Going Solo

introversion and creativity, Aspasía S. Bissas

According to a BBC article, recent research has confirmed that alone time is good for your concentration, health, and creativity. Is anyone else not remotely surprised? Any introvert can tell you that spending time on your own is a necessity, particularly when it comes to creative pursuits.

introversion and creativity, introvert meme Aspasía S. Bissas

As much as I enjoy spending time with friends, I seem to never be able to get any writing done when I do. Even if it’s only for a couple of hours, socializing drains me, leaving no energy to think, let alone create. I’m not advocating for isolation (unless that’s your thing), but the more time I spend being social, the more appealing the hermit lifestyle starts to look.

introversion and creativity, introvert meme Aspasía S. Bissas

I’m always a little skeptical of people in creative fields who are extroverts. The extroverts I know are constantly on the run, always social, always busy. When do they find time to create? How do they focus? I’m not saying it’s impossible, but it’s difficult to picture someone coming home from a party and feeling inspired to do anything other than sleep it off.

introversion and creativity, introvert meme Aspasía S. Bissas

I’m still trying to find a balance between spending time with the people I care about and getting the necessary solitude I need to create. Sometimes I wish texting counted as socializing, or that I could carry on a conversation while mentally working on a chapter or two. How about you–are you an introvert or extrovert? What helps or hinders your creativity? Share in the comments…


Aspasía S. Bissas


Originally posted on 19 March 2018

10 Replies to “Going Solo”

  1. It is fascinating, isn’t it. Our minds are like a switch. When we are among friends we become a different person than we are when we’re alone.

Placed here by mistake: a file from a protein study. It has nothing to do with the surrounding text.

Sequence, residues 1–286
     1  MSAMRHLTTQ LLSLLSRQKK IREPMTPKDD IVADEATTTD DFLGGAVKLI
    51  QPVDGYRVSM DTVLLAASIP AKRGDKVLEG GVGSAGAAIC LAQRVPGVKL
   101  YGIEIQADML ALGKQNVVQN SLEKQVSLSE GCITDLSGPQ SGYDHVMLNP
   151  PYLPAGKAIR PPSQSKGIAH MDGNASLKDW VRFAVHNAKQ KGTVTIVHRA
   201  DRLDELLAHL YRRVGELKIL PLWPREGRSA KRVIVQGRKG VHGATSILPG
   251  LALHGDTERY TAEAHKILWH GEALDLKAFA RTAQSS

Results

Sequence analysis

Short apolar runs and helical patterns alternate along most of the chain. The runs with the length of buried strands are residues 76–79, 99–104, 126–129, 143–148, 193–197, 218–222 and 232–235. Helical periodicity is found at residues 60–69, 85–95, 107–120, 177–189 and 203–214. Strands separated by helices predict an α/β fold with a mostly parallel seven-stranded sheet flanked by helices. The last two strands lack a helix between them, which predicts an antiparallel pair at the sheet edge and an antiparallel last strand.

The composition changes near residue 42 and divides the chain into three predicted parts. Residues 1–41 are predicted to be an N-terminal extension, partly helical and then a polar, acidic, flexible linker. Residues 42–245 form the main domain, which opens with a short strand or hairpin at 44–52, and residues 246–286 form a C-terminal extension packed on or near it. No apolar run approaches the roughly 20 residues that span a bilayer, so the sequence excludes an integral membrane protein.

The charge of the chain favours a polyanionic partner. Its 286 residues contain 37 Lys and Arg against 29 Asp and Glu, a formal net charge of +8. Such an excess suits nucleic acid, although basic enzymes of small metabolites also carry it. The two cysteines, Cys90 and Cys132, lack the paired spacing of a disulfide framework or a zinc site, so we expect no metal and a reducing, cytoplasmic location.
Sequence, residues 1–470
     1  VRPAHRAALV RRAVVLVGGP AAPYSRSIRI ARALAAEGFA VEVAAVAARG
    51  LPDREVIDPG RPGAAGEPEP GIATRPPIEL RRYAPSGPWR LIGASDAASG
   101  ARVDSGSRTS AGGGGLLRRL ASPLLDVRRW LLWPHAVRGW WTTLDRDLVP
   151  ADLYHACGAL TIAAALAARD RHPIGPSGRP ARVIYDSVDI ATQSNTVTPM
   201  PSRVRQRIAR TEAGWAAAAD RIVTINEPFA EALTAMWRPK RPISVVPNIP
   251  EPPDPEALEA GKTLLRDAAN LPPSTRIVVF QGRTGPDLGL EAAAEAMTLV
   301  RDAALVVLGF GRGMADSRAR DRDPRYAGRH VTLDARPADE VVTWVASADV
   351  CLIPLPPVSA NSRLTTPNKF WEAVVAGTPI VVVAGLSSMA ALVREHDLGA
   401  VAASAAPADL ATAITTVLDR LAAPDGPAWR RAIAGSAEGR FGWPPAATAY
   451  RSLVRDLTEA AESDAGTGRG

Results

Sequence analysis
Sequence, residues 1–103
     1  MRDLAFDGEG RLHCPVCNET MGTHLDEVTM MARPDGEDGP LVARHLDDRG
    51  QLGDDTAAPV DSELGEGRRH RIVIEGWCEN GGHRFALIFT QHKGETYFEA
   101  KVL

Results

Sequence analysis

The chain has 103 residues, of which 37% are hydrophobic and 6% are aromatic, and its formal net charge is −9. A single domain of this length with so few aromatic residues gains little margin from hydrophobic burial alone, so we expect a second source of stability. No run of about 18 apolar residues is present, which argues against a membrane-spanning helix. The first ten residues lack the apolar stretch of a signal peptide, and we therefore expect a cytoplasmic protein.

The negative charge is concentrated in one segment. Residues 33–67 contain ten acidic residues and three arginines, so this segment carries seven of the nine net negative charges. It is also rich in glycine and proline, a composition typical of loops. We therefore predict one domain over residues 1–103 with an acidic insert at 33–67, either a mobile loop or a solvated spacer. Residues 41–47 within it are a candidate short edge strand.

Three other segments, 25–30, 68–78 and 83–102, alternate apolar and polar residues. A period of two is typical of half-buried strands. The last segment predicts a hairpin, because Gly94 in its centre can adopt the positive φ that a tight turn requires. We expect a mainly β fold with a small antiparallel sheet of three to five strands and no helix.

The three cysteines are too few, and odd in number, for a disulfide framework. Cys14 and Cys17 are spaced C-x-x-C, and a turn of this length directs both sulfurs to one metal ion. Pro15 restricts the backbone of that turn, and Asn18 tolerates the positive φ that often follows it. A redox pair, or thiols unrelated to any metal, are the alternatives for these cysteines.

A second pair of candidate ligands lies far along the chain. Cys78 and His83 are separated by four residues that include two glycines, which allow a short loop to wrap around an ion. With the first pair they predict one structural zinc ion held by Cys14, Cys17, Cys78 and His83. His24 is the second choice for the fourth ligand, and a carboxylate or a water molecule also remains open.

I have to be alone to create. That part of me cannot exist without solitude. I’m beginning to realize I am not alone in this.

    Liked by 1 person

  2. All who know me well would call me dual natured. On the one hand, I am an open armed extrovert able to speak to anyone, at any time. There is another side to me, however. Given my druthers, I would prefer to spend my time alone or with one other close person and, yes, I like being at home… my home… with my stuff. There are many reasons why I can connect with people, too many to go into here, but at my core, I like my little world.

    Liked by 1 person

    1. According to The Introvert Advantage (Marti Olsen Laney), an easy way to tell whether you’re introverted or extroverted is to think about how you cope with a stressful day. If it makes you feel better to go out and spend time with friends, you’re extroverted; if you’d rather stay home and have some alone time, you’re introverted. Either can enjoy going out or staying in sometimes, but what you do when you need to unwind shows which you are at your core. It’s an interesting read.

      Liked by 1 person

      1. Not sure that definition works for me. This may seem an odd way to describe it, but it’s like being bi-sexual. You aren’t really believed in by either side. I truly am both, an extrovert and an introvert. If you were to judge it only by stress, then I would indeed be an introvert by nature. However, that box highly limits who I am as a person. Give me a microphone and I will, comfortably, lead thousands. I can walk into a room and speak to anyone and everyone, It isn’t that I’m never nervous, but I enjoy connecting with people as an extrovert does.

        Liked by 1 person

      2. There was more to it than that, but that’s an easy way to tell if someone isn’t sure. I think the author would say it’s always a matter of degree (or a spectrum, if you prefer), and you happen to be more evenly balanced, but one side will prevail, if only slightly. Being that balanced seems ideal, though.

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